You Credit Score: How's Your FICO?
Since we live in an automated, it's probably not that surprising that your ability to repay virtually any loan boils down to a single number.
All the years you've been paying your various bills: your mortgage, vehicle payments, and credit card bills can be analyzed, sliced, diced, spindled and mutilated into a single indicator of whether you're likely to meet your future obligations.
TransUnion, Equifax, and Experian, the three major credit reporting agencies, each have a proprietary formula for building your credit score. Fair Isaac and Cooriginally developed this score. .
While Experian still calls its score "FICO", TransUnion calls its score "Beacon" and Equifax uses "Empirica." While each of the models considers a range of data available in your credit report, the differences aren't huge; all of the agencies use the following to build a credit score:
- Your Credit History - How many years have you had credit?
- History of Payments - Do you pay your bills on time?
- Your Credit Card Balances - How many accounts? How much do you owe on your accounts?
- Credit Inquiries - How many times have you had your credit checked for a loan?
These factors are assigned weights based on the formula being used. Each formula produces a single number which varies slightly by agency. Credit scores range from 300 to 800. Higher scores are better. Typical home buyers will likely find their FICO scores falling between 620 and 800.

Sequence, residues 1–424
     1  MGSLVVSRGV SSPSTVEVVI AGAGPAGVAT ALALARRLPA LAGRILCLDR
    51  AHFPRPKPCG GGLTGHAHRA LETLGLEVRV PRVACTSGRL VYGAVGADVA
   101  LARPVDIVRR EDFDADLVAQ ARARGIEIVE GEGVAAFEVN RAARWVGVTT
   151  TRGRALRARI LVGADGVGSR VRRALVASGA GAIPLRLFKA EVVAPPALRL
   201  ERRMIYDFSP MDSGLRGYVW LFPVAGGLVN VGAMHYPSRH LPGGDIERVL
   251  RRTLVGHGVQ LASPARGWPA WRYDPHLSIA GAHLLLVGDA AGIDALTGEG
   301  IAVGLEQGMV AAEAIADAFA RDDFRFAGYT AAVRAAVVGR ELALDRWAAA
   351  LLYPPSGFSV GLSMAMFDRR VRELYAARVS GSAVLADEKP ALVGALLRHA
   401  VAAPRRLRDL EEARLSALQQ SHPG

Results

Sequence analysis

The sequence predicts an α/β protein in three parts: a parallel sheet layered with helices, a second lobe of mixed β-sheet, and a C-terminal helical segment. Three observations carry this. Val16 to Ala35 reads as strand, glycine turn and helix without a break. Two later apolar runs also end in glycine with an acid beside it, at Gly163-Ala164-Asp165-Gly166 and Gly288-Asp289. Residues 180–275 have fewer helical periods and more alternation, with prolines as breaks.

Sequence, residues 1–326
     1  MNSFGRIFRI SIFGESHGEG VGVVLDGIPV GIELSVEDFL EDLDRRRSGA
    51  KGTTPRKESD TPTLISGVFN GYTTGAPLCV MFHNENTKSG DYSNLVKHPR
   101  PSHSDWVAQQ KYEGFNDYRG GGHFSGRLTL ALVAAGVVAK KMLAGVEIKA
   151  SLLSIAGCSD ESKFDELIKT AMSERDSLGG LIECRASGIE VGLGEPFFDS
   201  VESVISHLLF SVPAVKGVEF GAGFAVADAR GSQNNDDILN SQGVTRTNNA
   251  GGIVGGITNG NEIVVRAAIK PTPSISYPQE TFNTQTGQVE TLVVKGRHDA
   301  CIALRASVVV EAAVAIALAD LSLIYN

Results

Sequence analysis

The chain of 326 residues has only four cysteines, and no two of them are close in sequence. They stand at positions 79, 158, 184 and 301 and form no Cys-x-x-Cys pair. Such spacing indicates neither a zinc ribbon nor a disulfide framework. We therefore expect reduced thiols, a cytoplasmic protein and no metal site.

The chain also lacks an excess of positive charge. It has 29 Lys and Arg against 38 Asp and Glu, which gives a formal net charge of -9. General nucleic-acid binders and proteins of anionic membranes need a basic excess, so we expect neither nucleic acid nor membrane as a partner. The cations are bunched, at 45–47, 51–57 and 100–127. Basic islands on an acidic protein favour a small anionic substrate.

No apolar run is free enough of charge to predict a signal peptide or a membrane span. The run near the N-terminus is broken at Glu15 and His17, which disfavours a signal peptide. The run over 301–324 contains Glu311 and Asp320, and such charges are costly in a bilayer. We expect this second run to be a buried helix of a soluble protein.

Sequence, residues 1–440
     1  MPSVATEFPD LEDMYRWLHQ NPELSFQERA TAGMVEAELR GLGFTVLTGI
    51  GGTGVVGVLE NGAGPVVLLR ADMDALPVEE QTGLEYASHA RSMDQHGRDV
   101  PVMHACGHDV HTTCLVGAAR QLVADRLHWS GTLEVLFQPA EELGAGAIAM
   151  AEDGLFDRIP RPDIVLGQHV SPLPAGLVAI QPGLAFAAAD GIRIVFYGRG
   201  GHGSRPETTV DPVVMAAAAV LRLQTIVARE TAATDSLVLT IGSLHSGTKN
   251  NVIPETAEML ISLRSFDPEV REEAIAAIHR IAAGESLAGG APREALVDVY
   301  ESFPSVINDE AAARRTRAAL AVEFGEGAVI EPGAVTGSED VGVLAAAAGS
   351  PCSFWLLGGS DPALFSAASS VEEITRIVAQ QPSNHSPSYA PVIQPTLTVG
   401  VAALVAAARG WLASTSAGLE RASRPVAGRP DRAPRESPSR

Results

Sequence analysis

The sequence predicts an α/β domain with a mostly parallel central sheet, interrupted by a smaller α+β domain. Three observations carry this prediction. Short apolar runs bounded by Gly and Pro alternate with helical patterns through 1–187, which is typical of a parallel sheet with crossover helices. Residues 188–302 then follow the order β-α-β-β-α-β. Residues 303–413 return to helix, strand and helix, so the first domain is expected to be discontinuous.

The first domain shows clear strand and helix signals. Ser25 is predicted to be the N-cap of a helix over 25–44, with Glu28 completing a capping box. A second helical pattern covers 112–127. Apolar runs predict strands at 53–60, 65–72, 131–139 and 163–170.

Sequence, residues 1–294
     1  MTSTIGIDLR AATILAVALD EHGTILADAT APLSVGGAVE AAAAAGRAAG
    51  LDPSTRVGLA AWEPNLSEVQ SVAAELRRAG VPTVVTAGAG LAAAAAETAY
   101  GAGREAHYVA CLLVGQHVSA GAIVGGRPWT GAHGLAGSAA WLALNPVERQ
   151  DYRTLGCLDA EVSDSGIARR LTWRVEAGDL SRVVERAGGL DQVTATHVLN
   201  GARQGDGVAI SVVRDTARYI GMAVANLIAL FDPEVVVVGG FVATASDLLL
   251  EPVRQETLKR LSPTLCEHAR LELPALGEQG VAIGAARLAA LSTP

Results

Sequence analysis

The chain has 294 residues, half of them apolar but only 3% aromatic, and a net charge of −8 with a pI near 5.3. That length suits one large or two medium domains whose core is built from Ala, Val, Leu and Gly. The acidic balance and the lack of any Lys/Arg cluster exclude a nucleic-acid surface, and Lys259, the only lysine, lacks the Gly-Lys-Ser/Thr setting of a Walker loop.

Your FICO score greatly affects your monthly payment
FICO scores affect more than your ability to get a loan. They also affect your interest rate. Lenders give lower interest rates to individuals with higher scores.
Raising your FICO score
Unfortunately, there isn't a lot you can do to immediately improve your credit score. Because the score is entirely based on your lifelong credit history, it's hard to make a significant improvement in the score with quick fixes. (Of course you must have incorrect items removed from your credit report.)
How do I find out my credit score?
To raise your score, you must get the reports that are used to build it. Of course, you need the score as well. Fair Isaac, the company that offered the first FICO credit score, offers FICO scores on myFICO.com. It's inexpensive to get your FICO from all three agencies, along with your credit report. Also available are helpful information and tools that help you analyze what actions might have the greatest impact on your FICO score.
You can get a federally-mandated free credit report once per year from the three major credit reporting agencies when you visit AnnualCreditReport.com. While this report does not include a free credit score, the cost to "upgrade" your report to include a credit score is very reasonable.
Armed with this info, you will be a more informed consumer and you'll be better positioned to obtain the most favorable mortgage.
Want to know more about your credit score? Give us a call at (207) 571-8034.